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My wife and I have been stewing the last few weeks since the election. Every time we turn on the TV news (mostly MSNBC) it seems that, although the GOP claimed before the election that President Obama and the Democrats were cutting Medicare, they were actually proposing to cut “entitlements.” Instead of noticing something amiss, almost everyone in the big-media seems to agree that such cuts are “the only way to come to agreement on the budget.”

You might expect the Republicans to be dishonest hypocrites, and that the media would pretend to be clueless, but even some Democrats, like my former governor Ed Rendell, are calling Medicare “entitlements” that should be “on the table.”

I’ve been working for over 30 years in the food industry, and I’ve been watching politics for just as long. I can’t remember a time when there wasn’t some business person, pundit or politician somewhere saying that we need to cut the budget. And often, before they even put a period at the end of their never-ending deficit sermons, they wanted to spend money on something that only helped guys like big defense contractors, pharmaceutical giants, Wall Street, or health insurance companies.  

Anyway, I decided to let my representatives in DC know that I, as an American voter, am the boss. And I want them to be clear about my expectations for their job performance. Including how I feel about the latest attempt to put our Medicare money in the pockets of the top 2%...

Of course like any good boss, I also wanted to give encouragement for good performance and since I consider President Obama to be my representative too, I started at the top and sent him the following email:

Dear President Obama-

Great job on your re-election. You even motivated me to donate to, and volunteer for, your campaign.

Please do not give in to the GOP and raise the age of Medicare. In fact, I want you to lower the age of Medicare. Any smart business person will tell you the more customers you have; the lower the per-person cost of any product or service becomes.

By framing this proposal as a smart business move, which it would be, you could completely change the misimpression that the GOP is better for business. Such a change in Medicare could help the Democratic Party get elected for decades to come.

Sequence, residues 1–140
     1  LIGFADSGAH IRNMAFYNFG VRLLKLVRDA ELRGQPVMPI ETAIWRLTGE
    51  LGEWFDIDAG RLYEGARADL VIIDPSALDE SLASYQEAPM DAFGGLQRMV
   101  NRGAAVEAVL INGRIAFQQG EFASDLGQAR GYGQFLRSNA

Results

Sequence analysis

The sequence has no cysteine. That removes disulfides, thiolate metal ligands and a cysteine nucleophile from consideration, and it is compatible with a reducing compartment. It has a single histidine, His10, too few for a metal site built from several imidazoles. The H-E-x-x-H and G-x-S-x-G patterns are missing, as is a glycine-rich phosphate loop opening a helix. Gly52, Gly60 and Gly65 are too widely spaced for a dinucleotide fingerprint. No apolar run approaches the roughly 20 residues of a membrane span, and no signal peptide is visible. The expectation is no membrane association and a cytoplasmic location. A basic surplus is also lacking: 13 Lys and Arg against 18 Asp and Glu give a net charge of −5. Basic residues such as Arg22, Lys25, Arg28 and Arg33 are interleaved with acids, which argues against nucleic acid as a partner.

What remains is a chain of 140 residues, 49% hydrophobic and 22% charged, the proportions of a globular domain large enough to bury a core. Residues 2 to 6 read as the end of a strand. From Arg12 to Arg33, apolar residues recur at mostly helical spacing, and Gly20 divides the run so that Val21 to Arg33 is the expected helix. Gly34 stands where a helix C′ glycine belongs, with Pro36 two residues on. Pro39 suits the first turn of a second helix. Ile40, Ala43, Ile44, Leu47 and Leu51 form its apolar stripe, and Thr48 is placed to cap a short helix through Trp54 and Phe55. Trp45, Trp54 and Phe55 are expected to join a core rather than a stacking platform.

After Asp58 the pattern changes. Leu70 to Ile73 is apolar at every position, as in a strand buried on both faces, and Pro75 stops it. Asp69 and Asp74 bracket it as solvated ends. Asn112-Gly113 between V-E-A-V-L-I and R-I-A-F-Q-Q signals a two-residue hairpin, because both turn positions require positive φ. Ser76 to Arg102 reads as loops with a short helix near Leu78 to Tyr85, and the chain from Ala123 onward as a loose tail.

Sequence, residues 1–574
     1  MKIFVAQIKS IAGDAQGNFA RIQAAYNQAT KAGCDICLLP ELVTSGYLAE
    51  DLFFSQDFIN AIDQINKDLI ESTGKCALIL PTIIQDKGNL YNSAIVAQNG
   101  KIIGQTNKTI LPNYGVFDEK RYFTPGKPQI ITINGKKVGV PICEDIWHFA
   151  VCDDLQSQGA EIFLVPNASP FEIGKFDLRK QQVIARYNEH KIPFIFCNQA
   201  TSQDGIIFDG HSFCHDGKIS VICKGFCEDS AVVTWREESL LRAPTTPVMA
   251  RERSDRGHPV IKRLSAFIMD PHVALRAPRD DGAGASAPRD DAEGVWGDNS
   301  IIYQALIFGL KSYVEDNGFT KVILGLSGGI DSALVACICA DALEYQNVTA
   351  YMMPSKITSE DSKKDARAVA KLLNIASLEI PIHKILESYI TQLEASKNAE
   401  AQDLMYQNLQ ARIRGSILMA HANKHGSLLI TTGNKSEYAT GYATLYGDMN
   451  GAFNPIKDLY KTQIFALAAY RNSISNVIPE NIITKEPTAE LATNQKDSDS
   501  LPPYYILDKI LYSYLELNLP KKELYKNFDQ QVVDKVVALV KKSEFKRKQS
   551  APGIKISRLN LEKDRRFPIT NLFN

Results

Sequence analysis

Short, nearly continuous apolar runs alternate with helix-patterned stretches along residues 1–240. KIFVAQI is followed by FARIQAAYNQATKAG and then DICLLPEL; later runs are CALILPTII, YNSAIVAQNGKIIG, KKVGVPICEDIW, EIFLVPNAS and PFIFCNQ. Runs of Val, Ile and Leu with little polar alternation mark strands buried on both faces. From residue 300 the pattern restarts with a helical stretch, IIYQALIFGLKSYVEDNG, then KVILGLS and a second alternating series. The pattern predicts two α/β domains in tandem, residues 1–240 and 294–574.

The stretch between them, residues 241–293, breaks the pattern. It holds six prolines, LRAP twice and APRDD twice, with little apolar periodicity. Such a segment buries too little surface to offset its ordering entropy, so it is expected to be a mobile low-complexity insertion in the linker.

Thanks for your help.

Your strong supporter.


Then feeling feisty, I decided to let my Democratic Senator in PA, Bob Casey know my expectations for his job in the Senate. And I must say, as his boss, I didn’t like the fact I had to leave a voice-mail message for him instead of talking to a real person. Anyway, here is what I said:
Please do not even think about raising the age of Medicare. I voted for you because I thought you would protect Medicare and Social Security. I expect you to do your job and stop anyone trying to use these vital programs to balance the budget. You need to show some leadership by standing up to the GOP, and just say no to any cuts that hurt the middle-class.  
And now on to the fun part of my job; putting the GOP poor-performers on notice that, to paraphrase Mitt Romney, “I like to fire politicians.”

I called my public servant, Pat Toomey, and a pleasant young lady took the following message:

Tell Senator Toomey to not even think about raising the age of Medicare or making other cuts to our benefits, including Social Security. They are not entitlements, they are earned-benefits and I have been working all my life, to pay plenty for those programs with the understanding that they would be there when I retire.

You better not even consider using that money for foolish things like tax cuts for those who already have plenty of money. Get creative, think outside-the-box and find ways you, and your wealthy base, can cough up some bucks to contribute to our great nation. Let me make this clear; I expect you to make sure my Medicare is ready to work when I turn 65.

The young lady remained cheerful, and with a good sense of humor, replied “Yes sir! I’ll let the Senator know how strongly you feel.”

On a roll, I then called my Congressman, Todd Platts and a gentleman answered. He stayed quiet while I told him pretty much the same I told Toomey’s receptionist. At several times during the call I could hear him often nervously clearing his throat, trying to interrupt.

But I never gave him the chance, while I laid down the law. Just because Platts is quitting his job at the end of the session, is no reason to let him continue to slack-off like any other short-timer.    

The gentleman seemed to accept his duty in the matter and, with a tone of resignation in his voice, took my name and said he would give my message to the congressman.

Now for my fellow bosses here at the Daily Kos, look up your people in DC and let them know how you expect them to do their jobs. You got the power, and besides its fun!

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